Querying temporal table data


We have discussed what is a temporal table, how we can create it, and what are the limitations of a temporal table. We have also discussed how we can convert an existing table to a temporal table in our previous posts.

In this post “querying temporal table data” we are going to learn how to query the time varying data from a temporal table.

In SQL Server 2016, we have a new clause FOR SYSTEM_TIME, which has four new sub clauses to query temporal table data:

  1. AS OF <datetime>
  2. FROM <start_datetime> TO <end_datetime>
  3. BETWEEN <start_datetime> AND <end_datetime>
  4. CONTAINED IN (start_datetime, end_datetime)

Let’s create a temporal table with dummy data to query with FOR SYSTEM_TIME clause and its sub clauses with examples. Below script is used to create a temporal table and to insert few dummy rows in the table with SQL Server default datetime value (1900-01-01) as row StartTime. We have also executed an update on a row at the end of the script to enable time varying data in the table for demo purpose.

--Create temporal table
CREATE TABLE dbo.EmployeeMaster
(
 BusinessEntityID int NOT NULL,
 NationalIDNumber nvarchar(15) NOT NULL,
 LoginID nvarchar(256) NOT NULL,
 JobTitle nvarchar(50) NOT NULL,
 BirthDate date NOT NULL,
 MaritalStatus nchar(1) NOT NULL,
 HireDate date NOT NULL,
 Gender nchar(1) NOT NULL,
 StartTime DATETIME2(0) NOT NULL,
 EndTime DATETIME2(0) NOT NULL,
 CONSTRAINT PK_EmployeeMaster_BusinessEntityID PRIMARY KEY CLUSTERED(BusinessEntityID ASC)
)

--Add sample rows in the table with SQl Server default date time as row start time
INSERT INTO dbo.EmployeeMaster(BusinessEntityID, NationalIDNumber, LoginID, JobTitle, BirthDate, MaritalStatus, HireDate, Gender, StartTime, EndTime)
VALUES (1, '295847284', 'adventure-works\ken0', 'Chief Executive Officer', CAST('1969-01-29' AS Date), 'S', CAST('2009-01-14' AS Date), 'M', '1900-01-01', '9999-12-31 23:59:59'),
(2, '245797967', 'adventure-works\terri0', 'Vice President of Engineering', CAST('1971-08-01' AS Date), 'S', CAST('2008-01-31' AS Date), 'F', '1900-01-01', '9999-12-31 23:59:59'),
(3, '509647174', 'adventure-works\roberto0', 'Engineering Manager', CAST('1974-11-12' AS Date), 'M', CAST('2007-11-11' AS Date), 'M', '1900-01-01', '9999-12-31 23:59:59')

--Declare StartTime and EndTime columns as system period columns
ALTER TABLE dbo.EmployeeMaster
ADD PERIOD FOR SYSTEM_TIME (StartTime, EndTime)

--Enable system versioning on the table
ALTER TABLE dbo.EmployeeMaster 
SET(SYSTEM_VERSIONING = ON (HISTORY_TABLE = dbo.EmployeeMaster_History, DATA_CONSISTENCY_CHECK = ON))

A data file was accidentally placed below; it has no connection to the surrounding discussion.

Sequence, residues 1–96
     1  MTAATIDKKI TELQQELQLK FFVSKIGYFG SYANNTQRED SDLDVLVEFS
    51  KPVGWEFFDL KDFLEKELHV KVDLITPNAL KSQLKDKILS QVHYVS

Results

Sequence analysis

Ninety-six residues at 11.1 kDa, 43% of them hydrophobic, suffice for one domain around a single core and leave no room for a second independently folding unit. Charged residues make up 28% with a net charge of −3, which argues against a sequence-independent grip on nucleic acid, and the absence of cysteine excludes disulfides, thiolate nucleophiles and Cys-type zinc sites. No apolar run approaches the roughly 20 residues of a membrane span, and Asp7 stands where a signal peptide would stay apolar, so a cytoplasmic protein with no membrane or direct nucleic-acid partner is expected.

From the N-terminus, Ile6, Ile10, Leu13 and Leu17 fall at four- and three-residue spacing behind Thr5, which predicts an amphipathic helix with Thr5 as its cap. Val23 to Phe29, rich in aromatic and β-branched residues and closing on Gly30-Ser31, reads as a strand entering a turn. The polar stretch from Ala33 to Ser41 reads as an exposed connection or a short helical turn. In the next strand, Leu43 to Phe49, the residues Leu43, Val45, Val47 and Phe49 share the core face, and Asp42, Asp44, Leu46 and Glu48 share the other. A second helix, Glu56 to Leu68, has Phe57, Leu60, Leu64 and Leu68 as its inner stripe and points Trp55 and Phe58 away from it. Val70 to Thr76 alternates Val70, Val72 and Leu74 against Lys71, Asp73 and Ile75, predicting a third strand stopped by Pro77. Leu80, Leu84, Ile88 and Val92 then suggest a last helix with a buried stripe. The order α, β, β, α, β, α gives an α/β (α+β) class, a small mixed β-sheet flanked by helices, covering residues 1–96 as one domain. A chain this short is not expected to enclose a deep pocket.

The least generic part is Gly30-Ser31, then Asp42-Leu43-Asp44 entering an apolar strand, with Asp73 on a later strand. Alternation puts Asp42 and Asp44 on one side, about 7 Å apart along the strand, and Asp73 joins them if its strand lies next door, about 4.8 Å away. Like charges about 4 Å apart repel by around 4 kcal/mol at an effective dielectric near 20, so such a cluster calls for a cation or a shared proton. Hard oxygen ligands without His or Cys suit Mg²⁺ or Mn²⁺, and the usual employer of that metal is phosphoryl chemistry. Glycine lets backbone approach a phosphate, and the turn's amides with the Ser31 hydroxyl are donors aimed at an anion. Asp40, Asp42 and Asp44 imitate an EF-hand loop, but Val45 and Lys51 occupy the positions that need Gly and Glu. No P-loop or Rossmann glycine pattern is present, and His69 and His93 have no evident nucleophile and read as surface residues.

--Update a record to log an entry in history table for demo purpose
UPDATE dbo.EmployeeMaster SET JobTitle = 'President of Engineering' WHERE BusinessEntityID = 2

Below are the employee master table and the associated history table:

Employee master table and history table

Employee master table and history table

We have created a temporal table with dummy rows, now we are going to discuss the sub clauses of FOR SYSTEM_TIME clause which are used to query the temporal table.

1. AS OF <datetime>

AS OF clause returns a result set which has single row for each record valid at the given point of time. This clause performs an UNION between main table and history table and then filters the result set to return single row version of each record which was valid at the given time. The qualifying row(s) satisfies the below condition:

rowstart_datetime <= datetime AND rowend_datetime > date_time

To get the valid row for business entity id 2 as on 22-Aug-2015 and for today from the employee master table, use below select statements:

SELECT * FROM dbo.EmployeeMaster FOR SYSTEM_TIME AS OF '2015-08-22' WHERE BusinessEntityID = 2

--Using a datetime variable initialized with current date time
DECLARE @Date DATETIME = GETDATE()
SELECT * FROM dbo.EmployeeMaster FOR SYSTEM_TIME AS OF @Date WHERE BusinessEntityID = 2
Querying temporal table data AS OF clause

Querying temporal table data AS OF clause

Using JOINs with Temporal tables

We can use temporal tables in joins like regular tables. Below is an example:

--An inner self join to demonstrate joins on temporal tables
SELECT TmpEmp.BusinessEntityID AS TmpEmpCol, Emp.LoginID AS EmpCol
FROM dbo.EmployeeMaster FOR SYSTEM_TIME AS OF '2015-08-22' AS TmpEmp
INNER JOIN dbo.EmployeeMaster AS Emp ON TmpEmp.BusinessEntityID = Emp.BusinessEntityID

In the above query we have used a self inner join with the created dummy table to demonstrate how we can use joins with temporal tables. It seems silly to join the same table in such a way as we did above, but its just for a demo purpose. We can use these tables as normal tables in JOINs.

2. FROM <start_datetime> TO <end_datetime>

FROM clause returns all the row versions (historic and current) of each record which were active within the given time frame. It applies below filter: